Washington, District of Columbia (PRWEB) July 05, 2013
A July 2013 report from the Centers for Disease Control on women dying from prescription painkiller overdoses are shocking. However, not really surprising to medical professionals who see these powerful drugs, called opioids, abused everyday.
Even so, when reading that the death rate for this group has exploded-- five times greater than it was in 1999 (6,631 women died from overdosing on narcotic like drugs in 2010 alone), it was a wake up call, or at least it should be.
As a pain management specialist Dr. Reza Ghorbani runs his own clinic in suburban Washington, DC, and writing prescriptions for pain killers isn’t the first thing he does, but a default option if other less addictive interventions don’t work. Opioids just make the brain forget about pain; they don’t cure it.
Yes, women who come to see him are in pain, but it’s not just a physical affliction. Dr. Ghorbani hears about the competing demands of work and parenthood and the general sense that they’re supporting the world, but the world isn’t supporting them.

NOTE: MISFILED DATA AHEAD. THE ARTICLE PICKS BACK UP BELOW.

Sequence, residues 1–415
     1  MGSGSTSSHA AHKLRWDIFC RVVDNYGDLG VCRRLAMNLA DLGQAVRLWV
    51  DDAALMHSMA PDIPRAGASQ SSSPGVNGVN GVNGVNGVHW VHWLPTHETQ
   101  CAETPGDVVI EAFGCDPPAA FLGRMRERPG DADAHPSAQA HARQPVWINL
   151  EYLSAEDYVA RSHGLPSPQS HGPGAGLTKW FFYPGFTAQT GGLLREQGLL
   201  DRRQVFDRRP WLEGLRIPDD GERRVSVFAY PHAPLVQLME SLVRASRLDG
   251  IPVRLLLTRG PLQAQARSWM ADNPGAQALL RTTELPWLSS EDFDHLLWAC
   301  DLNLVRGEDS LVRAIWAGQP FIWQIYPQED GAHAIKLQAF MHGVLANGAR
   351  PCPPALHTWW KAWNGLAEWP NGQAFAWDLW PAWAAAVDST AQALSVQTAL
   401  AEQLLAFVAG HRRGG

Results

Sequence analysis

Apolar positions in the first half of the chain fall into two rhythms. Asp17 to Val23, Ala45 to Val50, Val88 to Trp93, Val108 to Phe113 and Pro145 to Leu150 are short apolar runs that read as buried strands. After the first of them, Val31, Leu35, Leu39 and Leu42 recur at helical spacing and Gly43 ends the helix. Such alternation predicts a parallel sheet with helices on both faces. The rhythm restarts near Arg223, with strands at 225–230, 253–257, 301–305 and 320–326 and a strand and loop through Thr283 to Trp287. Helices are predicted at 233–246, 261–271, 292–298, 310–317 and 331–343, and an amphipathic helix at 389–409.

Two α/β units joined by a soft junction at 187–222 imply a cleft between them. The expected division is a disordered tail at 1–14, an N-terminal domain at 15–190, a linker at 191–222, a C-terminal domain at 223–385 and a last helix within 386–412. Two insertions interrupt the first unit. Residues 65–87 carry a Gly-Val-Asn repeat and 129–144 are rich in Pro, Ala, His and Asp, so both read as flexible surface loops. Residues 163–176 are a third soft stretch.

While men are still more likely to die of a drug related overdose, women have a physiological predisposition, which makes them more susceptible. Their bodies are smaller; making it more difficult to metabolize these drugs. Yet, at the same time the amount they do absorb collects in fatty tissue. This creates a double whammy lowering the threshold for a toxic reaction.
There is no drug cure for being in a world of hurt, but he believe that pain can, indeed, must be better managed. One pharmacological method is to try anti-inflammatory drugs—there are many—that get at the core mechanism driving the body’s pain response and they’re not addicting.
Dr. Reza Ghorbani also had great success with natural pain relief products that have demonstrated their power as anti-inflammatories for centuries. Their safety and efficacy rival many conventional medications.
Other “modalities” are physical therapy, and, yes psychological counseling to promote a healthier lifestyle, since the mind and body have to be in harmony for treatment to succeed.
Finally, Dr. Ghorbani says, he believe there’s a profound difference between pain treatment and pain management. Many of his colleagues are more willing to write a prescription for painkillers than deal with the complex issues driving the patient visit. There is fine line between prescribing and enabling.
It’s time to make that a bright yellow line.